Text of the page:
01.17.23 4 min read

How to Cope with Body Changes During Pregnancy

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Written by Judy Singer, RDN and Zaya Provider

Body changes during pregnancy is inevitable

There’s one thing that’s true of every pregnancy- your body will change. And while these changes are normal and necessary, they are not always easy to experience physically or emotionally. Bringing a child into the world can feel exciting, surprising, scary, and overwhelming. For some women, it can feel especially difficult to see the outward, physical changes that pregnancy and postpartum bring about.

Whether you’ve struggled with body image in the past or you’re experiencing new feelings about your changing body, there are strategies to support you on your journey and put your mind at ease. 

What is actually happening in your body during pregnancy?

First, it can be helpful to understand what’s happening inside your body as it relates to weight gain and weight loss. During pregnancy, you see and feel your baby growing, but at the end of pregnancy, baby only accounts for an average of 5-9 pounds of weight gain. Additional weight comes from the increase in blood volume required during pregnancy, which can add about 4 pounds. Breast and uterus growth can add another 3-5 pounds. The placenta, amniotic fluid and increased body fluid add another 5-6 pounds, and increased fat stores add about 6-8 pounds. All of these things of course lead to a change in your body shape, with the abdomen protruding, breasts becoming larger and fat storage varying across different bodies.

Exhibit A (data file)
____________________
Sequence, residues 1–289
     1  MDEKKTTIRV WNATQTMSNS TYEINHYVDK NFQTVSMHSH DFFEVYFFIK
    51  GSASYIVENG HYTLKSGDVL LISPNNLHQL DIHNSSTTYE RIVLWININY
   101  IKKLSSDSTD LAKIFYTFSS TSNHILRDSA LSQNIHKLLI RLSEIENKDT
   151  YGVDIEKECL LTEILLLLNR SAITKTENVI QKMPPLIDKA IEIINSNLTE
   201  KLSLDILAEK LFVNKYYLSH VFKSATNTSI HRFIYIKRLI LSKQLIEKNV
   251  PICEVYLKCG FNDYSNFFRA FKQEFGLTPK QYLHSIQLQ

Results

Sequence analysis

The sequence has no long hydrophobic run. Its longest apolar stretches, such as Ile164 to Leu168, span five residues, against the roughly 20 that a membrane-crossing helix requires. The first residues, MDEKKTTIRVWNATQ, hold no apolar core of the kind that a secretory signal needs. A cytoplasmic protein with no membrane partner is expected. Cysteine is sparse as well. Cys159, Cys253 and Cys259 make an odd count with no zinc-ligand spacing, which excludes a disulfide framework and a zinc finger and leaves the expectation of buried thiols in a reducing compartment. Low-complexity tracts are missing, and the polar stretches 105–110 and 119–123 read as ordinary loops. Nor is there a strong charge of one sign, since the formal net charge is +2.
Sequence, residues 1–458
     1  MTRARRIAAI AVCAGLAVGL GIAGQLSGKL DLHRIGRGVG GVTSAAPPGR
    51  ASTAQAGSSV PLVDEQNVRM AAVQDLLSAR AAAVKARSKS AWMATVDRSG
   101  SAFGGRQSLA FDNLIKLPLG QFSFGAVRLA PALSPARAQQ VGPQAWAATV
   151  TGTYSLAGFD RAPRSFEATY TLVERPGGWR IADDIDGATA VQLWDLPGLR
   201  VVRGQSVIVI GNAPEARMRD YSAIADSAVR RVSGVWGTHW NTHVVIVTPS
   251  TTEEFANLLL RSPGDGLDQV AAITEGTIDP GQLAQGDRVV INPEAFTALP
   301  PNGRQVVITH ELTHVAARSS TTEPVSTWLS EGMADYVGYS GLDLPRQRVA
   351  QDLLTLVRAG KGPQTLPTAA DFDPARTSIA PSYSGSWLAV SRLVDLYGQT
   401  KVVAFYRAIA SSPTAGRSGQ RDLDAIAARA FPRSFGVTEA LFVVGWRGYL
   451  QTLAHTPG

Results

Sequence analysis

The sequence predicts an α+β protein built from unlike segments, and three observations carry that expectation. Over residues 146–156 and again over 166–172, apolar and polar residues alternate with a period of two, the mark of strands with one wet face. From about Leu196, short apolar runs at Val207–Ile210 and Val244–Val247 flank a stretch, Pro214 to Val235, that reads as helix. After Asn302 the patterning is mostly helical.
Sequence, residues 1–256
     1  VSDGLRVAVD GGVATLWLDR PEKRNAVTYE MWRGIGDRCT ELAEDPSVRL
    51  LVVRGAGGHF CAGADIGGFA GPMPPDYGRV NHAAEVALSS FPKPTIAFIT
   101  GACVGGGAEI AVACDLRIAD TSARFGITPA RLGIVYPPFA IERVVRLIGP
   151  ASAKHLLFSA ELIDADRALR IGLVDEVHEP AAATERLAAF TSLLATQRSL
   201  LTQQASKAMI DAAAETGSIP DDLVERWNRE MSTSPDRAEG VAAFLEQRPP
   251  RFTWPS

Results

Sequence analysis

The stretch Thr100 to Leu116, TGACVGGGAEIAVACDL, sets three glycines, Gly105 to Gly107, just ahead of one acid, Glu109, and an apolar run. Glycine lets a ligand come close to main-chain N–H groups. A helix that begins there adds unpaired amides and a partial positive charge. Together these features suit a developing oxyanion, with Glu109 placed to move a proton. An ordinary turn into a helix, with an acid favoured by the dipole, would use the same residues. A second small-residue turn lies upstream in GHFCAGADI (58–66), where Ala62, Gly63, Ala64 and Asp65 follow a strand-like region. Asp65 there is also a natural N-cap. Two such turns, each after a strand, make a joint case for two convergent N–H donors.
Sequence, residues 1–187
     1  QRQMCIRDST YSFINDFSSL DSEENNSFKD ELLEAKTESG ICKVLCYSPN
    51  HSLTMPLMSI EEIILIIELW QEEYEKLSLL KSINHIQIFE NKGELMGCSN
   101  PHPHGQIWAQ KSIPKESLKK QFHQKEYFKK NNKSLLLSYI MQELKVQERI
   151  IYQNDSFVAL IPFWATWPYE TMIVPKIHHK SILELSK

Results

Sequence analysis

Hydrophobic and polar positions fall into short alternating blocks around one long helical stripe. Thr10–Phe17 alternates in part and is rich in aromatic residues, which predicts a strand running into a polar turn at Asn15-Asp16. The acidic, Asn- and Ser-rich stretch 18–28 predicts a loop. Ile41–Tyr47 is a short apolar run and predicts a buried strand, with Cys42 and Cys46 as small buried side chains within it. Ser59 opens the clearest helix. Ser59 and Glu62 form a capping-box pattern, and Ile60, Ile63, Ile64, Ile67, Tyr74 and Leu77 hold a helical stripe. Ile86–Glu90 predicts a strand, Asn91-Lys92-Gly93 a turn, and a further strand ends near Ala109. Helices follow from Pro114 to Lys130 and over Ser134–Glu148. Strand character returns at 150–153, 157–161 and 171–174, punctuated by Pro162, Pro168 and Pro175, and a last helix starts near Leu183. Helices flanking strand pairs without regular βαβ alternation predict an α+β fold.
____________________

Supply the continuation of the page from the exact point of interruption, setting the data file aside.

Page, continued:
After giving birth, you’ll immediately loose the weight of the baby, amniotic fluid and the placenta. However, many women receive IV fluids during birth, so know that in the immediate days following birth you may be retaining some fluid. Even with some of these pounds gone, your body will still look different. It takes about 6 weeks for your uterus to contract down to its pre-pregnancy size, so it’s normal to have a belly after giving birth. If you choose to breastfeed, the oxytocin your body releases when nursing will help your uterus contract and shrink. Breastfeeding itself is also calorically demanding, so women who breastfeed sometimes find it supports their postpartum weight loss. The important thing to remember is that every body is unique and weight loss may be fast or slow. No matter what your body looks like, anyone who has given birth needs time to rest and recover. 

Nutrition is critical during pregnancy

While you can’t control exactly how and where you gain or lose weight, you can make sure you’re taking care of your body with healthy foods. Focus on fresh, whole foods, rather than processed or packaged foods. Get plenty of things like whole grains, leafy greens, a variety of colorful fruits and vegetables, fish, legumes and lean meats. Establishing a healthy eating pattern in pregnancy will help support baby, maintain your nutrient stores and make it easier to stick with healthy eating postpartum.